At 9.38 last night I hit send on an email which dispatched copies of A Protocol for Monsters to my publishers in New York and Sydney. I spent most of the day doing a final read through, a tweak here, a touch up there, and probably could have kept at it for hours more, if not days and weeks. A book is never really finished, it is merely abandoned.
I can already think of two quite crucial scenes I want to rejig, but the changes won't be structural.
This is where I hope all of the work I've done over the past couple of months, and especially those two weeks in Byron Bay, will pay off. I have most of the books blocked out, with the narrative arcs already laid down in note form and all of the major pivot points in the story settled. I even know how the third book ends.
What happens next is about two months of high intensity 'writing', by which I mean dictation. How many words a day? Depends on how many distractions and disruptions I allow or endure, but even if I'm only at the screen for the duration of the school day, I'll be looking to put down at least five to 6000 words each day. A lot of the time I'm working from detailed notes. A chapter running to 3000 words might already exist in dot point form at a length of 1000 words.
It might seem like a wasted effort, but you can take it from me that nothing accelerates your progress like knowing where the hell you're going and exactly how to get there.
The biggest challenge with these books remains having only one point of view; Dave, the narrator. It's a hell of a different way to tell a story for me. Everything that happens has to happen within his light cone. I have a couple of ways of working around it, which I'm not going to give away here, but I can't overuse them. And even when I do they only solve one very particular set of problems. There's a whole bunch of others that come with singular point of view narratives.
The two most difficult? When you're used to understanding your characters by writing them, by writing from within their POV, when you stand outside and merely observe them from a narrator's point of view you can find yourself as perplexed to their motivations as any other character in the book. I forget which Hollywood mogul said it, but some Hollywood mogul once said nobody knows nothing about anything. That could be an almost perfect explanation for how point of view works. Characters know what they know, and nothing else. They know themselves, and sometimes not even that.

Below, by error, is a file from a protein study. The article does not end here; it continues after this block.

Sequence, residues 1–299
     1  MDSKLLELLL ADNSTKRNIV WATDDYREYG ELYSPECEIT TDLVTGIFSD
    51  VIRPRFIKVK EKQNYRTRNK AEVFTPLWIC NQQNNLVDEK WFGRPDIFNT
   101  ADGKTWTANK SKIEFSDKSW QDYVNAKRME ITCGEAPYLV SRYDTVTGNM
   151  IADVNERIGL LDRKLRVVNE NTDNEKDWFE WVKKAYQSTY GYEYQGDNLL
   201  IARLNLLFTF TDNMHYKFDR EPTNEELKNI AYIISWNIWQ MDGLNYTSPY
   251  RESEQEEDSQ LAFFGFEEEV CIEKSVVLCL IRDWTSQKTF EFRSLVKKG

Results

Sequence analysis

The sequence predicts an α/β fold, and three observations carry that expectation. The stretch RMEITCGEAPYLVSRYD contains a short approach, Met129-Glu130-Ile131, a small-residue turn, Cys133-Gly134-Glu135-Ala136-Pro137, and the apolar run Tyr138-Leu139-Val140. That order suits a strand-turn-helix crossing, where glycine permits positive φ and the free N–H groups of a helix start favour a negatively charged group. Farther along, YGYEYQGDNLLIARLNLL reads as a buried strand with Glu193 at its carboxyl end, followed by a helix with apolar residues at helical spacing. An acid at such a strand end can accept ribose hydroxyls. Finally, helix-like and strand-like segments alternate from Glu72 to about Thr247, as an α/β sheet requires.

I had a character in this book who'll become important over the course of the series, and I just didn't understand her. I didn't understand her, Dave Hooper our unworthy hero didn't understand her, and most crucially of all she didn't seem to understand herself. All because I wasn't able to write from within her character.
How did I get around this?
In the end I had to write a whole bunch of chapters which I could never use. Chapters which retold the story as it will be published in the book, but this time from her POV. It was only after doing that, and deciding to give her one important personality quirk, that I was able to make her work to my satisfaction.
The other difficulty?
The only action you can directly tell the reader about, the only stuff you can show them, is the action in which your narrator plays a direct role. This becomes entirely problematic when writing battle scenes, or at least it does for me. The bigger and more complex the scene, the more I want to describe it from multiple points of view and angles. But even more complicating was the extreme agency invested in the lead character, Dave. If you have a guy who is effectively a superhero you instantly solve every tricky situation into which you inject him unless he lands on a big pile of kryptonite. You can do that once, but it gets old quickly.
Most of the rewriting of the first draft, a process in which Murph's input was invaluable, had to do with sorting out the battle/action scenes. If you go back through my previous books you will see most of the major conflicts are recounted from at least two or three points of view. And sometimes many more than that. That simply wasn't possible in this novel and many long months went into figuring out how to deal with that.
Anyway, it's all done now I was reading the final scenes yesterday afternoon and was delighted by just how much I enjoyed them. Now it's time to get on and do another two books worth.